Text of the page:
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Editorial: Public needs swift help from states

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What can be seen of the murky future is fairly bleak. Among the dreary fiscal projections: Congress is unlikely to be racing toward a firm agreement on emergency relief funds for taxpayers reeling from the coronavirus-driven recession. Those especially hurting are workers who are out of a job now, through no fault of their own.

And the jobless rate is only going to go up further, especially with the stunning count of 207 COVID-19 infection cases reported Monday. Counties have curtailed activities — such as shutdowns of bars and, on Oahu and Kauai, a ban on gatherings of more than 10 people, including at city parks and beaches. Further, the state could be on the brink of another shutdown, wreaking havoc on already suffering businesses.

Amid the recent spike in disease spread, Gov. David Ige somehow saw good reason on Thursday to veto the $230 million in supplemental unemployment funding from federal dollars allocated to the state. And this was announced without there being a clear plan, or even a set of alternative targets, for this spending.

The money would have funded $100 weekly “plus-up” additions to unemployment benefits for thousands of Hawaii residents thrown out of work, temporarily or permanently. It had been part of a relief package allotted in July by the state Legislature, anticipating the expiration of the $600 weekly federal plus-up allotments, which did in fact dry up at month’s end.

Congress is still debating how to deliver the next set of federal pandemic aid, Ige said, so he’s willing to wait and see what it devises.

While some of the Legislature’s earmarks could stand some revision — Ige vetoed eight budgetary line-items in Hawaii’s relief package funded by the federal CARES Act — the basis for holding off on the $100 weekly boost was weak and has grown weaker.

Specifically, Ige said Hawaii’s plus-up funding could be reinstated if Congress recesses at the end of this week without settling the unemployment deal. However, numerous political observers now predict that the tug-of-war could extend well into August.

How many weeks is the governor willing to make struggling households wait until they get more than the maximum $648 the state provides? It would have been far better to proceed with some measure of added support now.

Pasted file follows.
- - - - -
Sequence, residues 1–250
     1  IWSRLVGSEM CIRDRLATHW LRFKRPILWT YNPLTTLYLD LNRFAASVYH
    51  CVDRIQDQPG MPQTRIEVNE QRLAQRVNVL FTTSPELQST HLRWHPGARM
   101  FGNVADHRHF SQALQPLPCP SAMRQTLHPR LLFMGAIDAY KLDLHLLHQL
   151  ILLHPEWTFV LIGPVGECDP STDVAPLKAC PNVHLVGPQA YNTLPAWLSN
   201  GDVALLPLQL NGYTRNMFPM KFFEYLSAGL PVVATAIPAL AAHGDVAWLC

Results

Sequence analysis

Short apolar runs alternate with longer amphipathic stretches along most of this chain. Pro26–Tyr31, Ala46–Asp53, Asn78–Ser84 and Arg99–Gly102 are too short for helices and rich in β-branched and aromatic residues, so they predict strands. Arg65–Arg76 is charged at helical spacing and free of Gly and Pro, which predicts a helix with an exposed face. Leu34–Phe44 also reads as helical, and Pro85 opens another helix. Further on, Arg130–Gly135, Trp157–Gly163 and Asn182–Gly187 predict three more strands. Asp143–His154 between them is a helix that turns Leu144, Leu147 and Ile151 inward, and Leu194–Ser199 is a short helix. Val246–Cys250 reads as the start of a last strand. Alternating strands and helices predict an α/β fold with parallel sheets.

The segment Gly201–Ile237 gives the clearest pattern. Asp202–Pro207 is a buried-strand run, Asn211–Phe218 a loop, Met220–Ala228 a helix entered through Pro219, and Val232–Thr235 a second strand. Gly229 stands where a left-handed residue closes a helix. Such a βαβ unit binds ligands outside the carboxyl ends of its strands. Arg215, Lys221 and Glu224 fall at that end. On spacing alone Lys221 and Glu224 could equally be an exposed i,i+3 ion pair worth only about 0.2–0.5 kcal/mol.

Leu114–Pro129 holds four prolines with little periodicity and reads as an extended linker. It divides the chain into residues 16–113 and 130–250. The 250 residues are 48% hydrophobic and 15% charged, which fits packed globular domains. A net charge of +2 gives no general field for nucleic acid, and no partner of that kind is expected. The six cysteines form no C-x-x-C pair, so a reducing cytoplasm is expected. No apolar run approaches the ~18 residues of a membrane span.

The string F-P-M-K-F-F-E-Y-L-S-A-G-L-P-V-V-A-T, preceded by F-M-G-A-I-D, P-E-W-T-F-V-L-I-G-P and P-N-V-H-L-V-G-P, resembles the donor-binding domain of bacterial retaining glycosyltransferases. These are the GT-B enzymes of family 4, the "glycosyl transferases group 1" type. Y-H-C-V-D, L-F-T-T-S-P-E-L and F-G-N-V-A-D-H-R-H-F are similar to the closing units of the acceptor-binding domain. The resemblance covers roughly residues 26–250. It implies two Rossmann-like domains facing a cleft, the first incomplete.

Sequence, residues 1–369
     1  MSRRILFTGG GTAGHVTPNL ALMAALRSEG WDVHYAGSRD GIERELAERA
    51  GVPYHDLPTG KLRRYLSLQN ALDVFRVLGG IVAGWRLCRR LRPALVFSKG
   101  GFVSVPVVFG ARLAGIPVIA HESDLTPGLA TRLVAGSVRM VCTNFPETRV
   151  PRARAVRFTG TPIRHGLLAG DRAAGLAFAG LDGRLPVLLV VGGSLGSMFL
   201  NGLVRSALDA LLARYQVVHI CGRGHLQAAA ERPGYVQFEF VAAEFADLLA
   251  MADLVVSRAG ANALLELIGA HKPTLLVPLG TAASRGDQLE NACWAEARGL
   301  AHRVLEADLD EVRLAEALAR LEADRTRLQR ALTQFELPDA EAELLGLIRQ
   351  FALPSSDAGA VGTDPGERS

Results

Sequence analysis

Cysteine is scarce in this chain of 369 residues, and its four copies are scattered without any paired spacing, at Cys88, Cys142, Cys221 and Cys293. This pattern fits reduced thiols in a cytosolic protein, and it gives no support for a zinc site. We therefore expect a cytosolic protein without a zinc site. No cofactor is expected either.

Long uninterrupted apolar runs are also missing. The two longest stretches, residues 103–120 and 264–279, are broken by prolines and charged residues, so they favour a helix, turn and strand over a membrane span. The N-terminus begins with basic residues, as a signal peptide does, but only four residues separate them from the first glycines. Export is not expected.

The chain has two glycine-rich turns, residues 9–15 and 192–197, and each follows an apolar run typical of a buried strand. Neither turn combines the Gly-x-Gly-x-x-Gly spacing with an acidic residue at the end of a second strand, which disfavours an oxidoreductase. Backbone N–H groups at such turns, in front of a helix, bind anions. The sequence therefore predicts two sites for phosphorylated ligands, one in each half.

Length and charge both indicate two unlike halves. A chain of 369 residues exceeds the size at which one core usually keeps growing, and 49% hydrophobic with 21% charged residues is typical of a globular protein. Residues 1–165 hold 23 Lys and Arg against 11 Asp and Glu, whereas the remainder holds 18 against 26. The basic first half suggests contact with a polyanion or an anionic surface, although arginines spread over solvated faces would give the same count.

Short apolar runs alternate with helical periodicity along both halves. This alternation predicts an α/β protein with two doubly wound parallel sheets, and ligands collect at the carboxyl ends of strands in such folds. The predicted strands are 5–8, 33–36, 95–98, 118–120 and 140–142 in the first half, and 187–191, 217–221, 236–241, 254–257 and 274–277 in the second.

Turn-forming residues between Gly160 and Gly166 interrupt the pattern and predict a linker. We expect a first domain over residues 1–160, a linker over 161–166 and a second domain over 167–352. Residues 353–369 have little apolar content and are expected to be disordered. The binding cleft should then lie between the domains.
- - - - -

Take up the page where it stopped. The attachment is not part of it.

Going forward, Ige should do his utmost to get this modest level of relief to the jobless promptly, rather than playing wait-and-see with Congress.

Hawaii’s workforce suffered a disproportionately harder blow from the pandemic, given its reliance on the tourism industry, still in lockdown. And if the virus isn’t brought under better control, the chances of restarting the tourism economic engine on Sept. 1, as scheduled, may dim.

Via other line-item vetoes, Ige will reduce funds for airport screening and security measures; for the housing and rental assistance program; for personal protective equipment (PPE) for hospitals, child-care facilities, elderly care facilities, businesses, nonprofits and schools; funds for workforce retraining programs; for creating a local supply chain for cleaning supplies and PPE; for a public-private partnership to help public-school seniors affected by school closures; and cash deposited to the general fund.

These cuts have been made in consultation with agencies, and lawmakers don’t plan to override these vetoes. Instead they have pledged to work with the governor on right-sizing aid programs and in redirecting federal dollars where they’d be most effective. Another concern, of course, is ensuring money is spent by the deadline, at year’s end.

These discussions must be above board, with funds disbursed efficiently to people most at-risk and struggling. The public deserves assurance that the money allotted is put to maximum use. Hawaii needs every last dime.

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